Difference between Decree, Order and Judgment
- As to Nature: Every decree is and order, but every order is not a
- Appeal: Ordinarily appeal lies from every decree, but order are appealable only, if provided by sec 104 read with order 43.
- As to Second Appeal: A second appeal may lie against decree, but a
second appeal shall not lie against an order passed in appeal.
- Determination of Rights: Decree conclusively determines the rights of
the parties, but order does not necessarily conclusively determine the
rights of the parties.
- Classes: Decree is of five classes as provided u/s 2(2), while order may
be of final or interlocutory.
- Emergence: Decree cannot be emerged into an order, but every order in a
case can be merge into a decree.
- As to Execution: It is the decree or order which is capable of execution
and not the Judgment.
Form: Decree and order always follow the Judgment while the Judgment contains
the grounds of both decree and order.
Superiority: Judgment is superior in form and if decree or order is not in
accordance with it, they may be altered.
- Appeal: It is the decree or orders which is appealable and not the
- Kinds: Decree and order has different kinds but that is not a case with
In the conclusion I can say that decision given by the judge is called judgment
which contains the grounds of the decree and order. Decree and order are
analogous to each other. They are defined under section 2(2, 9, and 14). The
importance of decree lies in fact that they are appealable and conclusively
determine the rights of the parties. There is difference between order, decree
Mesne profits are profits to which a person is entitled but from, which he has
been kept out by the defendant. The profit lost to the owner of the land by
reason of his having been wrongfully dispossessed of his land. A claim for mesne
profit is usually joined with the action for recovery of the possession of the
Relevant Provision Of Law
Relevant provision of law regarding to concerned topic are:
- Section 2(12) of C.P.C.
- Order 2, Rule 4 and order 20 Rule 12 of C.P.C.
Literal Manning Of Mesne Profits
"Mesne" means, intermediate, intervening, the middle between two extremes and
especially of ranks of time as envisaged under section 2(12).
Definition Of Mesne Profit
- According to Section 2(12) of the C.P.C:
Mesne profits of property means "those profits which the person is wrongful
possession of such property actually received or might with ordinary diligence
have received there from together with interest on such profits but shall not
include profits due to improvements made by the person in wrongful possession".
- Simple Definition
It denotes damages and compensation recoverable from a person who has been
wrongful possession, it means that profit which the plaintiff has lost by reason
of the wrongful act of defendant.
Mesne profit can be claimed only regarding immovable property and not for
Explanation Of Mesne Profit
- Calculation of Mesne Profit:
It should be awarded on the basis of actual profits which the wrong doer
received or which he might have been received with ordinary diligence.
- Wrongful Possession
It means that the person who has no right to possession as against the party
claiming it is in wrongful possession as against that Party for a certain
purposes including mesne profits but not wrongful for all purposes.
- Interest on mesne profit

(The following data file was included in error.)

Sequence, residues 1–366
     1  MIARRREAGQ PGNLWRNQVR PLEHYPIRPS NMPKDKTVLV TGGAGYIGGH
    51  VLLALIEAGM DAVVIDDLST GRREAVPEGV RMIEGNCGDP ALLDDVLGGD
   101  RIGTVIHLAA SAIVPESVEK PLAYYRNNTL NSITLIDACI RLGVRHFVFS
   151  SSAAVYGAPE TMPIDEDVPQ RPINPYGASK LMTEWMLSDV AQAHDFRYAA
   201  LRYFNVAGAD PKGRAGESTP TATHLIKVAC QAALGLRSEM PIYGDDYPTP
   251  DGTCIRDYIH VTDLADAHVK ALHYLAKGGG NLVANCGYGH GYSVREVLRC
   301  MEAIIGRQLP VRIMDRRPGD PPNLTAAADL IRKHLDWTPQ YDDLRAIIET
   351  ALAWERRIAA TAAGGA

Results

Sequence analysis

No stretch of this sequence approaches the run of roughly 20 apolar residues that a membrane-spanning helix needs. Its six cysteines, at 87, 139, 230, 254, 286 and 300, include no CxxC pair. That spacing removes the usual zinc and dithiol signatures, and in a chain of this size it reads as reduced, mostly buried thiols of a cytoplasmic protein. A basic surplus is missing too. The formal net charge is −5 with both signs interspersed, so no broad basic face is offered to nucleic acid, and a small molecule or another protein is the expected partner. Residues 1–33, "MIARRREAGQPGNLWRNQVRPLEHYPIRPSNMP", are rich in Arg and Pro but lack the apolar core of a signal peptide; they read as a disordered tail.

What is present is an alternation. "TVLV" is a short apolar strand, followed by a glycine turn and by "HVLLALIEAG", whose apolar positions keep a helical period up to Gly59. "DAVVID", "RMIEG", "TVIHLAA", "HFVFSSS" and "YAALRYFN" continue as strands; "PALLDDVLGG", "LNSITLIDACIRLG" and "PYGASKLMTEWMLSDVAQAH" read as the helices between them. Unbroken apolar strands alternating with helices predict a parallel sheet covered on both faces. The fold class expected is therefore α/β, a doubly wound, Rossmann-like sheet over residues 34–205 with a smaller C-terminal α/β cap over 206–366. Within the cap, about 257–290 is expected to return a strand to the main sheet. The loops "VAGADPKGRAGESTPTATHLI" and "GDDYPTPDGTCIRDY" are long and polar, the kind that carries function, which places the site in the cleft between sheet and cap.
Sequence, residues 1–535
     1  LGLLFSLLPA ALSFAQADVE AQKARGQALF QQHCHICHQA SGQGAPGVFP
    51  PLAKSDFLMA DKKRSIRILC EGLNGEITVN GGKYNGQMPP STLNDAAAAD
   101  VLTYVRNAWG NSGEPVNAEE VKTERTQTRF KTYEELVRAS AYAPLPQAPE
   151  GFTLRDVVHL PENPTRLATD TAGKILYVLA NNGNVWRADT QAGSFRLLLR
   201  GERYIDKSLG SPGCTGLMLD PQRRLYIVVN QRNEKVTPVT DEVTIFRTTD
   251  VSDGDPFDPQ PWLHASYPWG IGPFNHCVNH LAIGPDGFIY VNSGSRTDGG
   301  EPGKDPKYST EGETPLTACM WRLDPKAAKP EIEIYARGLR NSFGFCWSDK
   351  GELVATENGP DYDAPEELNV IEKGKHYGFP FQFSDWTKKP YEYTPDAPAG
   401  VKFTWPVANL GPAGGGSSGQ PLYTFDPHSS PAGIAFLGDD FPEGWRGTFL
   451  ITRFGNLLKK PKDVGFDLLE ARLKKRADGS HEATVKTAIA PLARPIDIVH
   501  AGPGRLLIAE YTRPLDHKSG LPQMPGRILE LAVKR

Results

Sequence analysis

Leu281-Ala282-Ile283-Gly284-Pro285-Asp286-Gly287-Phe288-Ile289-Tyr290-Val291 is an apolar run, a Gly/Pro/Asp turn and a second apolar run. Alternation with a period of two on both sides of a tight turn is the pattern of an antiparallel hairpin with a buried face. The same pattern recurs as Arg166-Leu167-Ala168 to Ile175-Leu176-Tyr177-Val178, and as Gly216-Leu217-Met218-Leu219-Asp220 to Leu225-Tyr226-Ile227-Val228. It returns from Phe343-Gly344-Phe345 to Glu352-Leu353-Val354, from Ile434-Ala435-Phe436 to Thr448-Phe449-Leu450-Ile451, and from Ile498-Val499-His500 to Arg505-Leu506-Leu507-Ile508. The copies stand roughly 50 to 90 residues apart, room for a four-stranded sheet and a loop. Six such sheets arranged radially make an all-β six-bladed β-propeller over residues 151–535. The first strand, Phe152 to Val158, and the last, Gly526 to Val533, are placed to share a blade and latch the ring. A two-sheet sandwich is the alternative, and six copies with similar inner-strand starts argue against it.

It includes the right to interest on the profits that proceeds on the theory
that the person . in wrongful possession appropriating income from the property
himself gets the benefits of the interest of such income.
Example: The decree holder is entitled to interest up to the date of realization
of the mesne profits.
- Rate of interest
To be allowed on the mesne profit in discretionary as there is no questions of
any contractual rate or any particular rate fixed by statute.
- Suit for recovery of mesne profit
Plaint clearly showing that plaintiff not only prayed for mesne profits for
period up to the decision of case. Court below was justified in allowing mesne
profits up to date of decision of case with order to plaintiff to pay court Fee
in respect of compensation awarded to him beyond period of three years
contention that court could not award mesne profits beyond period of 3 years was
repelled in circumstances.
- Mesne Profits do not effect pecuniary jurisdiction
The value of a suit for the recovery of possession and mesne profits is the
value of the immovable property plus mesne profit up to date of suit mesne
profit after suit do not from rent of the cause of action even there be a prayer
in the plaint for mesne profits after suit.
Proof Of Mesne Profit
In order to get the mesne profit of property the plaintiff will have to show
Case Law: Granish vs. Soshi Skildar:
- that the defendant was in possession during the whole of his period for
which the mesne profit are demanded.
- that the possession of the defendant was wrongful (b) that the
possession of the defendant was wrongful and was not under the color of any
In this case, the court held that the mesne profits are due from the moment
possession is wrongfully held by the defendant an interest on such mesne profit
is due from the day on which each instilments becomes due. A decree which is
salient as to interest must, be taken to mean that mesne profit shall carry
interest on them.
Case Law Muhammad Amin vs. Vakil Ahmad:
Held: In this case held that a claim for mesne profit cannot be allowed unless
there is a demand of it. The claim would not be included within the expression
awarding possession, occupation of the property aforesaid together with all the
rights appearing thereto.